“Seven years of Velocity Fund pitch competition has led to 91 grant-winning startups that are now valued at over $1 billion.” The University of Waterloo’s Velocity startup incubator has changed the face of entrepreneurship in Canada since launching almost a decade ago. Some significant companies to come out of Velocity include Maluuba (9-figure acquisition by Microsoft), BufferBox (8-figure acquisition by Google) and more. Y Combinator President Sam Altman has previously said that the density of Y Combinator companies in the Waterloo Region is greater than anywhere else outside of Silicon Valley.
January 23rd will see the presentation of Europe’s first Ethical Charter on the use of AI in judicial systems. Rather than the age old Tom Cruise Minority Report joke/reference that everyone brings up for this subject, what we have here is an actual framework of compliance within the lenses of data protection, human rights, etc for policy makers, legal professionals, the private sector to follow. It will be events such as these, which fuse execution with reality that will help to ensure a proper path forward. We have a long way to go, but we’re seeing how AI is being cautiously, yet successfully, integrated into traditional industries to push them forward. One of the most fascinating examples is healthcare – from AI-assisted diagnosis (some studies have shown a success rate of 93% in detecting cardiac arrest vs 73% for humans), to image analysis (up to 1000x faster than human image analysis), to robotic surgery, and more.
I was fascinated early on by what cryptocurrencies would mean for the venture capital industry. It’s been nothing short of remarkable. Very, very few funds, and the minds behind those funds were ready for what was coming. Consider your traditional understanding of how deals are done. Those standard frameworks and agreements had to evolve very rapidly to meet the growing needs of innovators. I’ve been known to say many a time in my talks and fireside chats, that “entrepreneurs don’t wait for governments, they don’t wait for the private sector and they don’t wait for the customer.” This couldn’t have been more true in how the VC industry was transformed by crypto, on a global scale. You saw innovators moving so fast, that everyone else had to play catch up. Fast forward to today where we now have 900 crypto funds ready to propel blockchain innovations.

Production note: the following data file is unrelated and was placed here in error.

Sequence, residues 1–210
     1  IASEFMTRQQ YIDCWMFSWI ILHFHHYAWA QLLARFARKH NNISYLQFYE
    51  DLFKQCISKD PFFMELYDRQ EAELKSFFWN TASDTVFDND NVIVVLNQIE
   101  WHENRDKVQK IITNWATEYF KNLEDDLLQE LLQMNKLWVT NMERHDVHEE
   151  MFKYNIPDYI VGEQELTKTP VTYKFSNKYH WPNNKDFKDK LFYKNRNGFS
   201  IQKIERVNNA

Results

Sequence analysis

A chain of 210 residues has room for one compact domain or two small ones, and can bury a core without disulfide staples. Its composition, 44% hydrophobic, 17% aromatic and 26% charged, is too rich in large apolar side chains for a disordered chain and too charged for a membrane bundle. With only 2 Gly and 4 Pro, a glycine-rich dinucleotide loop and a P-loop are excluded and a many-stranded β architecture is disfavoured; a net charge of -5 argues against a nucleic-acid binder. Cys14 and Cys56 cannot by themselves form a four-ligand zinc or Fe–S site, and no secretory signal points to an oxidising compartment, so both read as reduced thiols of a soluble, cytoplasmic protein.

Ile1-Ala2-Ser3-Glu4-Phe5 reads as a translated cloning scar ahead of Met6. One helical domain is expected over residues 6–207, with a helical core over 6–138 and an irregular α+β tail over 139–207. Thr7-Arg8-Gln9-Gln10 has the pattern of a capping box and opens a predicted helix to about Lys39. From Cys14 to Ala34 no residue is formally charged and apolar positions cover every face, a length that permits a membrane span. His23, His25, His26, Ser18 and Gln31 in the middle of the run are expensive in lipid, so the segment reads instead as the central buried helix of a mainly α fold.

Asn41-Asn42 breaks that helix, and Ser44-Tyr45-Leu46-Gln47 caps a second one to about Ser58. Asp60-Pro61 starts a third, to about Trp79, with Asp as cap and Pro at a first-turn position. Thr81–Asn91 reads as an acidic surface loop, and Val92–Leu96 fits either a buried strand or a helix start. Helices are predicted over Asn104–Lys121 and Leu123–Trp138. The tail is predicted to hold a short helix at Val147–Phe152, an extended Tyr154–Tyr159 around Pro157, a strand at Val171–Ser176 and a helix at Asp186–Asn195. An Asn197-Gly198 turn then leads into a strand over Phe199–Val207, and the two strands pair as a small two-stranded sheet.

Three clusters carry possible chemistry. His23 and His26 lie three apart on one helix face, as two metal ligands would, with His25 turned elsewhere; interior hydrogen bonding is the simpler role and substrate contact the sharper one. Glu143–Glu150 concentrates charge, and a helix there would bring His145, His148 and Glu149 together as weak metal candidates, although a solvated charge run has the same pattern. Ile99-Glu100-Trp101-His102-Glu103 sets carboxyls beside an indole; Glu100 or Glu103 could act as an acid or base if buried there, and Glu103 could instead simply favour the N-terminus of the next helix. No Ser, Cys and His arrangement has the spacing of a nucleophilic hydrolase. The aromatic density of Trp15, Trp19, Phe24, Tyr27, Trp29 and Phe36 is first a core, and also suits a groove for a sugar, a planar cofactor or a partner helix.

“The form and choice of material of this cryostat — stainless steel — is meant to convey coldness and advanced engineering. Inside, the quantum chip is held at a constant -273 degrees centigrade, a temperature colder than outer space.”
In my conversations with board members and executives across many different industries, organizational change is one of the major points I constantly have to reiterate. I’m shocked by the number of decision makers that are oblivious to not just the impacts of exponential technologies on their industries, but arguably more importantly, the impacts within their teams. The world is going to see 4 billion people connected online, in some cases over 20% of jobs that will be invalidated by automation in the coming decade, and growing daily interactions aided by technologies. This will require a radical transformation at the C-Suite level and in boardrooms to ensure that workplaces are adequately prepared to meet the needs of changing work environments and the changing nature of work itself.